Choking haze grips area
The smoky pall that settled over the foothills Sunday, fueled by Placer County fires and a thermal inversion, is expected to last at least through Wednesday, according to the National Weather Service.
Though the haze may seem to lessen occasionally, people can expect “poor air quality” during the week, the weather service said.
Temperatures could soar beyond 100 degrees during this week, with particularly high night temperatures on Tuesday and Wednesday.
The Northern Sierra Air Quality Management District issued an air quality advisory urging western Nevada County residents to avoid or limit all outdoor activities.
The district had not updated its Web site Sunday to indicate whether it would extend the air quality advisory that was in effect since Wednesday. However, the advisory urged foothill residents to use common sense.
“As a general rule of thumb, consider this: If you see smoke and smell smoke, you are most likely breathing unhealthly levels of particulates,” the advisory said.
Firefighters also are bracing for more activity at fires in the region.
“Weather for this week is expected to become hotter and drier, with poor night-time humidity recovery,” said Larry Schmidt, spokesman at the Yuba River Complex fire command center.
More than 21,000 firefighters are battling blazes across California, with the largest fires continuing to scorch Los Padres National Forest in Santa Barbara County and the Big Sur area, according to the California Department of Forestry and Fire Protection.
Though 1,400 fires were contained statewide, more than 330 continued to burn Sunday, CalFire reported.
Local fires continue to burn
The Fall Fire in the Yuba River Complex was 95 percent contained Sunday, as the fire continued to burn down toward Canyon Creek, Schmidt said. The Fall Fire is expected to be contained by Thursday, Schmidt added.
Meanwhile, the Government Springs Fire in Placer County raged with only 10 percent contained Sunday, said Marian Swinney, public information officer with the Bureau of Land Management.
“We expect very active fire behavior today, with spotting up to half a mile ahead of the fire,” she said Sunday.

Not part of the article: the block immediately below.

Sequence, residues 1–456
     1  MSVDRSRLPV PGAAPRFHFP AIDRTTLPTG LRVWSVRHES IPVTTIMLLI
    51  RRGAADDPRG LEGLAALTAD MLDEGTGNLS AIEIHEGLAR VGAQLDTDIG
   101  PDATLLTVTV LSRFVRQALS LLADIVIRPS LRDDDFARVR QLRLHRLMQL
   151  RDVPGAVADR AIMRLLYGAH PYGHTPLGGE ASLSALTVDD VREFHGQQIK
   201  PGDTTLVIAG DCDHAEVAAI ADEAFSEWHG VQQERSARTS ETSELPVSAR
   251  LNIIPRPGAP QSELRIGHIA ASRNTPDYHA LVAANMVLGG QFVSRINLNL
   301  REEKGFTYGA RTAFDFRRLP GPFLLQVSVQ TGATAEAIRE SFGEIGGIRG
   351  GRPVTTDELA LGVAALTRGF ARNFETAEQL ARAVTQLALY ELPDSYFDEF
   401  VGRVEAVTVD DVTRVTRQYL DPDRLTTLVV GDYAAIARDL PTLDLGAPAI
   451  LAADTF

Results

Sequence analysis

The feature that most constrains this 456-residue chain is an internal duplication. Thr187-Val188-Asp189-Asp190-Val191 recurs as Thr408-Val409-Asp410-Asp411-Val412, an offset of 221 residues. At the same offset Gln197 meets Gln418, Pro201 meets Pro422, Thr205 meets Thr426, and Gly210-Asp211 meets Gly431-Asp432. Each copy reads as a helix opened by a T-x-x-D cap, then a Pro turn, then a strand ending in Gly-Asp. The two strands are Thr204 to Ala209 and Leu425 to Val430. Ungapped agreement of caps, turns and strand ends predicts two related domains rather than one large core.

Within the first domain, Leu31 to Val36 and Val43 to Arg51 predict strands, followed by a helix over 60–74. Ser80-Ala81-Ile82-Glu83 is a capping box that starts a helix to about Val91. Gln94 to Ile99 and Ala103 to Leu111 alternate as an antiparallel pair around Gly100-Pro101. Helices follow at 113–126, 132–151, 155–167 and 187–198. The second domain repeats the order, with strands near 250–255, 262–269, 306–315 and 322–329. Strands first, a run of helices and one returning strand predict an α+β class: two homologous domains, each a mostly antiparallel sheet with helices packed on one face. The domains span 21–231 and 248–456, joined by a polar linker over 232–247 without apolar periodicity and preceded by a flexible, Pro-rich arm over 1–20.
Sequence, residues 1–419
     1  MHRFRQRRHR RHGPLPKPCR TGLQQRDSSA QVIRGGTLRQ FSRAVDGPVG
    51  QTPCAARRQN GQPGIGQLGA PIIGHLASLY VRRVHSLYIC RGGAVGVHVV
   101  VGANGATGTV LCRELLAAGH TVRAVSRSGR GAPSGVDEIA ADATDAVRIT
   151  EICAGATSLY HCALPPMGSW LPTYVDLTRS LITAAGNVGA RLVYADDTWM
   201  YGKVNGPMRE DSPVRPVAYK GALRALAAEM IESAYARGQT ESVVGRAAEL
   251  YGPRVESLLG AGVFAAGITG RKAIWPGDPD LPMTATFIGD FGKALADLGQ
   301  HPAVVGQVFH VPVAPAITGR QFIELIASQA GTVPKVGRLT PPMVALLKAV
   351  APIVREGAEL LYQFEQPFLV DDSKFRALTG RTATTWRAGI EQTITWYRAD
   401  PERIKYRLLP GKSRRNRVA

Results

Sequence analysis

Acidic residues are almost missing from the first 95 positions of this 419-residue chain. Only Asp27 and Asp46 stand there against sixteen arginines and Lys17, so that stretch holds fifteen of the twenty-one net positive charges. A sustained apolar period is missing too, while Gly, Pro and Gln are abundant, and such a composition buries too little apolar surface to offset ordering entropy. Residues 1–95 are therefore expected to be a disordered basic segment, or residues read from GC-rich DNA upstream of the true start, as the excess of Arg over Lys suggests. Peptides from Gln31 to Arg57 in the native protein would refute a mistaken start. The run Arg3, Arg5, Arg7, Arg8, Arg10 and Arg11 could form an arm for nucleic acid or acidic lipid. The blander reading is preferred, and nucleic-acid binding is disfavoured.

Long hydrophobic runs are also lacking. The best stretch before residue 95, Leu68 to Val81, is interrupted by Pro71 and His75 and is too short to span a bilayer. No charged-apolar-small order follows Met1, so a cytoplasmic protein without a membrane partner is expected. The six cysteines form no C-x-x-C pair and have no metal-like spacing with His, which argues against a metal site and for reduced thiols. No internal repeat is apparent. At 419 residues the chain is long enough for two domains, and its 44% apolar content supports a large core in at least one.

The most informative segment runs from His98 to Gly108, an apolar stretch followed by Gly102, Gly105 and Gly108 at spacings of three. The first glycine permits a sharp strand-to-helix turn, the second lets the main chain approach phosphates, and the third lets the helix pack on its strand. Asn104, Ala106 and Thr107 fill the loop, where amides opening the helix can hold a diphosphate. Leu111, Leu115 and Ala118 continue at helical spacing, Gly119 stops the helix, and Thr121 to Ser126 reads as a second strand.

Spotting occurs when winds carry live embers, creating new fires beyond the periphery of the main fire, said Brenda Bowen, a spokeswoman with the Rocky Mountain Incident Management Team that is overseeing the American River Complex fires.
The Government Springs Fire, which has already scorched 5,500 acres, continues to burn within three miles of Blue Canyon on Interstate 80, Swinney said.
Firefighters couldn’t carry out burnout operations they had planned over the weekend due to the winds, she added.
Additional firefighters arrived Friday to assist on the Westville Fire, in the same complex of fires and close to the Government Springs Fire, forest officials said. The Westville Fire nearly doubled in size over the weekend.
Fire staff leaves fairgrounds
With all but one fire contained in the Yuba River Complex, the command center has been pared down to 154 firefighters, seven engines, two water tenders and one helicopter – down from around 740 firefighters at its peak a week ago.
With that staff reduction, the center also was moved from the Nevada County Fairgrounds to the American River Complex command center at Yuba Gap, Tahoe National Forest officials said Sunday.
Wildfires caused by lightening strikes have wreaked havoc across California in the past two weeks, prompting the governor to declare a state of emergency in Santa Barbara County on Thursday.
Residents have been ordered to evacuate in Santa Barbara and Monterey counties, among other locations.
So far, 10,554 residences are in jeopardy and 34 homes have been destroyed statewide, CalFire officials reported.
To contact Soumitro Sen, e-mail firstname.lastname@example.org or call 477-4229.
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